# thinking about more than 3 spacial dimensions

November 22, 2010 6:06 PM Subscribe

Is there anyone, anywhere, anywhen, who has been able to visualise 4 orthogonal spacial dimensions?

so i was wondering what an equilateral hyper tetrahedron would be like.

I figure if you start with one point, then place a new point at the same position, then move the new point until it is 1 unit distance away from the original point, then connect these two points you now have a line segment.

then repeat:

place a point in the centre of the line segment, move it on an axis which is orthogonal to the line segment, until the new point is 1 unit distance away from both the two original points, connect the new point to the previous points, and you now have an equilateral triangle.

repeat once more, starting by placing a point at the centre of your equilateral triangle, and you end up with a tetrahedron.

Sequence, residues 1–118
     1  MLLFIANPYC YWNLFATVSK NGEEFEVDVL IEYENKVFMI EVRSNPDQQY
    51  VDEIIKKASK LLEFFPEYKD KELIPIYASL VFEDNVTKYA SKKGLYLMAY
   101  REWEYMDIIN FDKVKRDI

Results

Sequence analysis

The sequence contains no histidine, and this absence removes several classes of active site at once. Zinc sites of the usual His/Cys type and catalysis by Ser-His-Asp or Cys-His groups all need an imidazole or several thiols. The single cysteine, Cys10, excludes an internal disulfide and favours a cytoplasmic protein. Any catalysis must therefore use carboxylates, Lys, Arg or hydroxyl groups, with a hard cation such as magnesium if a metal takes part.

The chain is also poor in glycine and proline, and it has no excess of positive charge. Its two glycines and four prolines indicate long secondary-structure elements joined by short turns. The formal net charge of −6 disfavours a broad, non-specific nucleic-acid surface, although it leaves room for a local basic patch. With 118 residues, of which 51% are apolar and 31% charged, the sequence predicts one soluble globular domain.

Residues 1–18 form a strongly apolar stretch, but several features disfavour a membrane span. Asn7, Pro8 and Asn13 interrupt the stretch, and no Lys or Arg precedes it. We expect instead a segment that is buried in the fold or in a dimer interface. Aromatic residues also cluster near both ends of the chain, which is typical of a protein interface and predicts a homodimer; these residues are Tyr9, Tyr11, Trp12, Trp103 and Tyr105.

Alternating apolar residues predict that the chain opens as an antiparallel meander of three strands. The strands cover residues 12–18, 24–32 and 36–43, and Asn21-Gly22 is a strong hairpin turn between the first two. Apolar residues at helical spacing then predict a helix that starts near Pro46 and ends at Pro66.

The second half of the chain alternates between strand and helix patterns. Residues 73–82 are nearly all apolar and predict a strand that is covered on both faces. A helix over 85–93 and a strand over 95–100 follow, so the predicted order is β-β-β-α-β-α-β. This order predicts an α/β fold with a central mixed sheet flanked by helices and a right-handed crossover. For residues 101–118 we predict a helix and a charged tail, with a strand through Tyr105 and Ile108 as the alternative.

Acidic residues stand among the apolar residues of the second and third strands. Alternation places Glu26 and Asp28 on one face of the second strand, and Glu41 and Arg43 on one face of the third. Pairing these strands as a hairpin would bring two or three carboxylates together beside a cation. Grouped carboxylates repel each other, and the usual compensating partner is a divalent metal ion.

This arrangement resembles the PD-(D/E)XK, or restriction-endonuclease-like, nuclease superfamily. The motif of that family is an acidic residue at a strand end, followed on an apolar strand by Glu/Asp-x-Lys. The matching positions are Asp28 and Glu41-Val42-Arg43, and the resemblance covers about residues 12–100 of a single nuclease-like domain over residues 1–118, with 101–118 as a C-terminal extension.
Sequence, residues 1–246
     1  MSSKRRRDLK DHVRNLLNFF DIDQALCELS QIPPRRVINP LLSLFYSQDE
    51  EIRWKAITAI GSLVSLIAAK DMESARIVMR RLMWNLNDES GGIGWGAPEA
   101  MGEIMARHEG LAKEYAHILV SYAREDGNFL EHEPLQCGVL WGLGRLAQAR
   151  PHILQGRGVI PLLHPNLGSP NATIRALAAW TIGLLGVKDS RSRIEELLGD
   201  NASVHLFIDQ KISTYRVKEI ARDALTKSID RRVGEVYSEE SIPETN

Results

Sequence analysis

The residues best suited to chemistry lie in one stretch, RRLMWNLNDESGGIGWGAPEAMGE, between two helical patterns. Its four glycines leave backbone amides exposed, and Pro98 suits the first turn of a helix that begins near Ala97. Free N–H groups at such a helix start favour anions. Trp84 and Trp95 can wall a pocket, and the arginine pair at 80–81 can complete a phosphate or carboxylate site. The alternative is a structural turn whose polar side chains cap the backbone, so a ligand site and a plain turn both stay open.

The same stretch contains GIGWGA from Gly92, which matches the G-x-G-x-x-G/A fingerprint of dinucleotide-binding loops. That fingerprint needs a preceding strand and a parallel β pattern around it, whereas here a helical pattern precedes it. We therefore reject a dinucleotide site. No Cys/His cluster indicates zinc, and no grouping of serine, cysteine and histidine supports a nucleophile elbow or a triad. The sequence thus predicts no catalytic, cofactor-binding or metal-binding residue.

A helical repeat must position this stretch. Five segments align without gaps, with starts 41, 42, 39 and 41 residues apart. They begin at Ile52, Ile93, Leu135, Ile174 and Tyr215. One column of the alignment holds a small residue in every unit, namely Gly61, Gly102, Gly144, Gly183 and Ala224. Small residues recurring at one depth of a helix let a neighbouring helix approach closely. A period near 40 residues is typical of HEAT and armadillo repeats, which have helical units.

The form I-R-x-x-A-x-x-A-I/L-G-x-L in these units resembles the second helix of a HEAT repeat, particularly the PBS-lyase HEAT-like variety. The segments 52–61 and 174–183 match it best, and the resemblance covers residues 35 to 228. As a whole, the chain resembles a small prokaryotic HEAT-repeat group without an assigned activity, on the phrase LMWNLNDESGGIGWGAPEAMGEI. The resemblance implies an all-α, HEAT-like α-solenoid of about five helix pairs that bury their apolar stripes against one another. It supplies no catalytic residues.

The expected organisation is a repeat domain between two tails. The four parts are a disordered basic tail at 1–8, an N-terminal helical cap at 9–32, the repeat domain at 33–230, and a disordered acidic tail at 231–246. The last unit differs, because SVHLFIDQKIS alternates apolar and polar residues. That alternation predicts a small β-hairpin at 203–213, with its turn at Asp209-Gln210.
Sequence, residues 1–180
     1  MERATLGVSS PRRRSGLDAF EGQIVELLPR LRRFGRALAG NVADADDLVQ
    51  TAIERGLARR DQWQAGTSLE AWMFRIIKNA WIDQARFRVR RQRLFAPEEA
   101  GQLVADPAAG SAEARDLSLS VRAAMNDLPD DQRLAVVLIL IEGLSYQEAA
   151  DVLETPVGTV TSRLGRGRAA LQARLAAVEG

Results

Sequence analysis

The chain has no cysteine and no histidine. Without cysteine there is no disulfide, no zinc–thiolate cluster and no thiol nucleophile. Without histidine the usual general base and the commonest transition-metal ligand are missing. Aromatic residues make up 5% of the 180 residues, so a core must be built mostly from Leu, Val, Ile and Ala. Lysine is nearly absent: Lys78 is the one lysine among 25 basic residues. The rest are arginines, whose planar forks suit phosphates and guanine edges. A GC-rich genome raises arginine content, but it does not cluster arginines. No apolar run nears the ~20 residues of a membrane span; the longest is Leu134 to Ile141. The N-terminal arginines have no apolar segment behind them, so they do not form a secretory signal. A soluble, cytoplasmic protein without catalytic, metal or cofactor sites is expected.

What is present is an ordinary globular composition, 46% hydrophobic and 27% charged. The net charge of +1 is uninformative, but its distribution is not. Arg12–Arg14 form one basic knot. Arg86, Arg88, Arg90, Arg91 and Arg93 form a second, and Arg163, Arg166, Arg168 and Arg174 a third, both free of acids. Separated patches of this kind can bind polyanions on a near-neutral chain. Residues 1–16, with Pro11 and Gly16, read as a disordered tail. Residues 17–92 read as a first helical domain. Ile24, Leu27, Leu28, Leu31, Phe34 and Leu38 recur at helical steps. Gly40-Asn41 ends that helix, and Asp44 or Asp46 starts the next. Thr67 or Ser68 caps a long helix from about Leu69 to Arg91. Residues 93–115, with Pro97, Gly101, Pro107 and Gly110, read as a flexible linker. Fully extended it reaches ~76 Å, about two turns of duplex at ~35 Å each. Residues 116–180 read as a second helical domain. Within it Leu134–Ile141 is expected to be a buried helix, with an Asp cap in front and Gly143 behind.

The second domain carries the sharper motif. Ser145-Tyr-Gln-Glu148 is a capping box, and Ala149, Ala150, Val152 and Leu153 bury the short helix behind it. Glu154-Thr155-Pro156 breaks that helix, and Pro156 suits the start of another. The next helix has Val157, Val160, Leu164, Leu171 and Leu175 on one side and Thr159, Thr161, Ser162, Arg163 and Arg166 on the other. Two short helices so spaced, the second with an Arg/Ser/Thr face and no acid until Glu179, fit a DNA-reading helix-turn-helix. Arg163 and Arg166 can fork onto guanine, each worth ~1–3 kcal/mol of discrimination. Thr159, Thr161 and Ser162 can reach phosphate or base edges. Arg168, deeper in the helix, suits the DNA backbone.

so far i am equipped with appropriate brain circuitry to visualise all of these.

but if i repeat the process one more iteration, i end up with what i think i can get away with calling a 4d equilateral hyper tetrahedron.

I can't visualise that, but i don't know that it's impossible to visualise, i suspect that if i could give my brain the right interactive datafeeds, it could figure out a rough sense of 4d.

Has anyone every put a really serious effort in trying to do this?

how did it go?

I'd love to see some 3d 'slices' as a hyper tetrahedron moved and rotated through our 3d 'plane',

If i could watch a 3d visualisation of a slice change as i adjusted position and rotation i would be very interested to see what my brain could do with that information.

Id also like to able to do the same with 3d 'drawings' which project a picture of a 4d object onto 3d space, just as we do with 3d objects onto 2d paper

failing that, i eagerly await the announcement, perhaps at a TED talk, of n-dimensional visualisation brain upgrade chips.

so i was wondering what an equilateral hyper tetrahedron would be like.

I figure if you start with one point, then place a new point at the same position, then move the new point until it is 1 unit distance away from the original point, then connect these two points you now have a line segment.